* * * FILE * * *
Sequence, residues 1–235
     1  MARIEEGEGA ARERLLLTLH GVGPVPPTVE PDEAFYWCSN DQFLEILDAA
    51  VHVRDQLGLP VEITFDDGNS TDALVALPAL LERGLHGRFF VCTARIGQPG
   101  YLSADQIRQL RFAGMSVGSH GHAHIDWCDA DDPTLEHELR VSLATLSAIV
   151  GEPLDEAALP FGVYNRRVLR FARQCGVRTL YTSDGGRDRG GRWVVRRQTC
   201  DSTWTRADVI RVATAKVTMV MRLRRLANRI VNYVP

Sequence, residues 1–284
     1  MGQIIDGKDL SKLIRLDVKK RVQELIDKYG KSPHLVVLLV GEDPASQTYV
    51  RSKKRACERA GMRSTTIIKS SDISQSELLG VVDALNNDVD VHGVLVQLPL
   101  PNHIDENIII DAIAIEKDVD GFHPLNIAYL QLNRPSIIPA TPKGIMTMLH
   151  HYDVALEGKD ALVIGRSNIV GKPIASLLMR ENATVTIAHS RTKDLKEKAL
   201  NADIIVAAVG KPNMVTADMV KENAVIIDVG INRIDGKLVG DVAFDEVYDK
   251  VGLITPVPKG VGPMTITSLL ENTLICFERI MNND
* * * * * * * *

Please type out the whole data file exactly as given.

Sequence, residues 1–235
     1  MARIEEGEGA ARERLLLTLH GVGPVPPTVE PDEAFYWCSN DQFLEILDAA
    51  VHVRDQLGLP VEITFDDGNS TDALVALPAL LERGLHGRFF VCTARIGQPG
   101  YLSADQIRQL RFAGMSVGSH GHAHIDWCDA DDPTLEHELR VSLATLSAIV
   151  GEPLDEAALP FGVYNRRVLR FARQCGVRTL YTSDGGRDRG GRWVVRRQTC
   201  DSTWTRADVI RVATAKVTMV MRLRRLANRI VNYVP

Sequence, residues 1–284
     1  MGQIIDGKDL SKLIRLDVKK RVQELIDKYG KSPHLVVLLV GEDPASQTYV
    51  RSKKRACERA GMRSTTIIKS SDISQSELLG VVDALNNDVD VHGVLVQLPL
   101  PNHIDENIII DAIAIEKDVD GFHPLNIAYL QLNRPSIIPA TPKGIMTMLH
   151  HYDVALEGKD ALVIGRSNIV GKPIASLLMR ENATVTIAHS RTKDLKEKAL
   201  NADIIVAAVG KPNMVTADMV KENAVIIDVG INRIDGKLVG DVAFDEVYDK
   251  VGLITPVPKG VGPMTITSLL ENTLICFERI MNND